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Tuesday, March 5, 2013

The capital city Nouakchott is a little more ‘upmarket’ than it’s second city Nouadhibou and it isn’t until you wander into the market areas or away from the relatively tidy central city streets you realise it’s not that different after-all. From a photographic point of view it offers very little, so I had to be creative with this post. What’s amazing is the sand is everywhere, covering the sidewalks and in the backstreets, it makes up the main paths.

The center of town and sand covers the sidewalks.

Outside our auberge which lies a few kilometers from the center and it’s not just the sidewalks, it’s as if the buildings and roads have all been built in the sand. As I wandered around my boots would fill up with it, a reminder that I must get myself a pair of sandals.

The main road outside our hotel.

Speaking of the auberge, these budget establishments put the Moroccan hotels to shame. Not only are they very well run, but much cleaner than many of the budget hotels I experienced in Morocco. It really is quite comfortable, I’m meeting a variety of fellow travelers and enjoying my stay here. The only downside so far has been the mosquitoes, of which there are very many and however much I try I end up getting bitten. Another reason I enjoy sleeping in my tent.

The communal dining area, Auberge Sahara.

Along with all the friendly staff and probably the friendliest Polish guy I’ve ever met, I’ve been very fortunate to run into Ben, a fellow Brit who has converted to Islam and is studying in the desert. As he speaks both French and Arabic we have shopped together round the markets and shared meals out, which has not only saved me money (his bartering skills are fantastic!) but I’ve finally solved the problem of outer garments to wear in the heat, as with his help I had them made up.

But what seems uncanny is that Ben was having problems with his laptop, which after a bit of fiddling about with I managed to sort out. I’m extremely thankful we met and I’m also very aware that I seem to be meeting the right person(s) at the right time.

Ben, or to give him his muslim name, Ibrahim.

I haven’t been in Mauritania that long, but it has already made a big impression on me. I’m fascinated by the locals and how they seem to take every opportunity to try and eke out a living. Roadside vendors are everywhere plying their trade and you can find just about anything if you look around. This shop below was doing good trade when I passed by earlier in the day (but wasn’t able to photograph).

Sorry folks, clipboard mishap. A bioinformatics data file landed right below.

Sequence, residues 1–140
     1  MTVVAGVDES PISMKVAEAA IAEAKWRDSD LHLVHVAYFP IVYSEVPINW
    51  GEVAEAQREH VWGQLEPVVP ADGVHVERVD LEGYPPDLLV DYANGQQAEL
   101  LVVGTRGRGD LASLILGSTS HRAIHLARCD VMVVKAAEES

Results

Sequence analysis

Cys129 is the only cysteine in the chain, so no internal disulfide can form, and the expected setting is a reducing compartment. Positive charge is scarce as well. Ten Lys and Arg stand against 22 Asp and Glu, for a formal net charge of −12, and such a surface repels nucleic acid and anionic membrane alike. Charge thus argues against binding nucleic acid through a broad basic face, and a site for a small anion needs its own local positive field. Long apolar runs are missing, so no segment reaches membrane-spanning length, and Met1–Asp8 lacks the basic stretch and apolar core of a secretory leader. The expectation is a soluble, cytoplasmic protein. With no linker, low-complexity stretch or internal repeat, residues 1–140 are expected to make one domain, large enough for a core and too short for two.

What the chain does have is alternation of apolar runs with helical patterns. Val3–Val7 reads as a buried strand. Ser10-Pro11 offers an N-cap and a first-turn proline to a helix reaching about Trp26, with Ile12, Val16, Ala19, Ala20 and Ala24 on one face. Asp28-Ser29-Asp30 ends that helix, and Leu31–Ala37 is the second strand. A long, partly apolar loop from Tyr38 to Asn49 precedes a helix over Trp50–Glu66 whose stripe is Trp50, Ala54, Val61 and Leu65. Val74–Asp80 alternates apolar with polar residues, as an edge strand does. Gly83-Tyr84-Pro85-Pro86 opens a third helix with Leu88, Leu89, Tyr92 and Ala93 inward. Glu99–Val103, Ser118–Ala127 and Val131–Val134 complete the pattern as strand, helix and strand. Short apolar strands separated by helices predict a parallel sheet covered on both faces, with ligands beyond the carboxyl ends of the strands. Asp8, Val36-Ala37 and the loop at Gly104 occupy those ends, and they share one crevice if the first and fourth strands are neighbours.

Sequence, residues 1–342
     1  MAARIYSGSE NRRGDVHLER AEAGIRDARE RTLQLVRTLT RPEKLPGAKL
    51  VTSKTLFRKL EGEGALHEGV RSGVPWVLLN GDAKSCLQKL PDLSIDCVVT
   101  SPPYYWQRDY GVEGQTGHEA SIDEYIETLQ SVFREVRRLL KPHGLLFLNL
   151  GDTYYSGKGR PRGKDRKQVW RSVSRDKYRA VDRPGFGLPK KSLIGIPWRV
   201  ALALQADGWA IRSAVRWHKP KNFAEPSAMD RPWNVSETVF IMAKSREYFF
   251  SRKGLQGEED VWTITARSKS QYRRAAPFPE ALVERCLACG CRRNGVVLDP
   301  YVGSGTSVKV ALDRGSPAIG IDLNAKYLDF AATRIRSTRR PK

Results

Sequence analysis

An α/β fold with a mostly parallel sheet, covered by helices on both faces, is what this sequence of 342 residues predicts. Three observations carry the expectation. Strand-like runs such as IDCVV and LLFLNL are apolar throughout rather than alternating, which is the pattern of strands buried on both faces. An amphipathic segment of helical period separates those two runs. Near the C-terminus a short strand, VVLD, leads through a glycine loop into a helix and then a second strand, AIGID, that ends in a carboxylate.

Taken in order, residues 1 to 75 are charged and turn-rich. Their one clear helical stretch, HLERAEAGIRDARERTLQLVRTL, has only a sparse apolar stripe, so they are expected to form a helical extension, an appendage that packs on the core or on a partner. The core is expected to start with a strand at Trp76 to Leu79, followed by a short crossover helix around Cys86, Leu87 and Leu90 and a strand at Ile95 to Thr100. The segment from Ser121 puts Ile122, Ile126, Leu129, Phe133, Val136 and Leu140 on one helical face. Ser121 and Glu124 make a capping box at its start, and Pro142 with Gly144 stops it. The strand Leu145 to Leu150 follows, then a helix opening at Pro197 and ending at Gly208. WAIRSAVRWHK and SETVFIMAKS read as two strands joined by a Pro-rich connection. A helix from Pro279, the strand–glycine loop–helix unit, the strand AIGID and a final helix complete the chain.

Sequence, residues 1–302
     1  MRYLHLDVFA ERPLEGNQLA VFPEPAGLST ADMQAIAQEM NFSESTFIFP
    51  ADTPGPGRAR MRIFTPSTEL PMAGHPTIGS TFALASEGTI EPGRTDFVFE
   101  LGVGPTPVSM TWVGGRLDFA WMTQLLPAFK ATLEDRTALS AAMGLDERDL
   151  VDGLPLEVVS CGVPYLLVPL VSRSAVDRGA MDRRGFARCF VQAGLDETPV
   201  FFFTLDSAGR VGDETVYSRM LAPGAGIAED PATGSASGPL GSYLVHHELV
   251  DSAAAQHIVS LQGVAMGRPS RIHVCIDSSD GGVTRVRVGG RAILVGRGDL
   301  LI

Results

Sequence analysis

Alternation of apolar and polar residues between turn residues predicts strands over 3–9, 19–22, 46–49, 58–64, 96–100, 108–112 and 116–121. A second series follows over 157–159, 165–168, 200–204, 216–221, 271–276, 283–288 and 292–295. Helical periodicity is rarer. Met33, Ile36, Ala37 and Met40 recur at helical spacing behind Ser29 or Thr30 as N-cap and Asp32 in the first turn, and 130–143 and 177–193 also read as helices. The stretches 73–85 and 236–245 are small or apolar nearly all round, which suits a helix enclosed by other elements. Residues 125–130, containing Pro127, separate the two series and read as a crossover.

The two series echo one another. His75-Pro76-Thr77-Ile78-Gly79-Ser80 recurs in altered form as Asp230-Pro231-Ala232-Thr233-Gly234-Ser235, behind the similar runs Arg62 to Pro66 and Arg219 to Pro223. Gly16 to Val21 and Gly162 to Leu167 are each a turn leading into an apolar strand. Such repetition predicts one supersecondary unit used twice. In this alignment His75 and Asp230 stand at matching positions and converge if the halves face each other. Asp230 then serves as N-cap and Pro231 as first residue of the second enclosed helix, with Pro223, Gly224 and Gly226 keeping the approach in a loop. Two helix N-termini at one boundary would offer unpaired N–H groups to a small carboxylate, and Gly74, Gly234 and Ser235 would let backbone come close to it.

The local tyre shop.

And the local car wash had no shortage of customers.

The local car wash.

But what has really made me smile has been the food, which I’ve found cheap, varied and excellent. Eating in the local fast food outlets has also introduced me to more locals and I’ve gained some useful insights and information that will undoubtedly help me with my future plans, more on this later. Tonight I treated myself to ice cream, which I’ve been craving for weeks. It was quite expensive in Morocco, so I thought I’d splash out with £1’s worth here and as a bonus I can use the container for my boiled eggs!

A very special treat: Ice Cream!!!

And on that note I’ll end and go do battle with the mosquitoes. More soon…


Wednesday, March 6, 2013 at 10:05 am

Just to let you know I truely enjoy reading your blog. It feels like sitting on the backseat of your bike !
Good luck, enjoy to the max !

Wednesday, March 6, 2013 at 11:17 am

Auberge Sahara in Nouakchott seems to have gone distinctly upmarket since I was there.

My first time I stayed in the tent in the garden for UM 1,700. Notes from my second visit, “The auberge is a safe haven but expensive (UM 7,000 for a room) and the whole place has an uncared-for air. The wardrobe door falls off when I open it, there’s rubble on the floor in the corner of the room. The room is lit by a single low-voltage bare bulb in the ceiling, the shower is a dribble of tepid water and the air conditioning doesn’t work. Mosquitos are everywhere, the flyscreens on the windows have holes in them and the mosquito net has a serious tear.”

I think you are getting a much more accurate impression of the countries you are visiting by travelling at a slower speed.

Friday, March 8, 2013 at 1:38 pm

Tim, it really wasn’t bad at all, the bit’s I saw. The shower looked like a new head fitted and water was hot most of the time – the best shower so far for me. My self imposed budget wouldn’t stretch to a room (from UM 5,000) so I slept in the rooftop Khaima for UM 2,500. Yes there were mosquitoes everywhere and after an unsuccessful attempt to repair the net supplied, I used my own which I bought in the town. It was nice to use the clients kitchen to cook and make drinks etc.

They were actually painting and doing it up while I was there because it is changing hands again, the new owner looked like he had big plans for the place and was very smartly suited up.

Sunday, March 10, 2013 at 1:57 pm

Hi Derek,
We arrived in Nouakchott exactly 1 year ago today from London. My kids and I really enjoyed your post.. There is def. beauty in this place. Thank you for reminding us of it’s beauty again after the ups and downs of settling-in. Looking forward to your next posts…The kids are asking where did you get your ice cream from?? LOL

Sunday, March 10, 2013 at 8:47 pm

Hi Mona,
I’m so pleased you are enjoying my blog but I’m afraid I can’t help you about the ice cream except to say it was a shop just around the corner from the auberge!
But seriously, I’ve taken a look at your own blog and I admire what you are doing, it takes real courage. I had hoped to visit your homeland on my travels, but it seems very unlikely along with Mali. I’ll follow your blog with interest. Be blessed.

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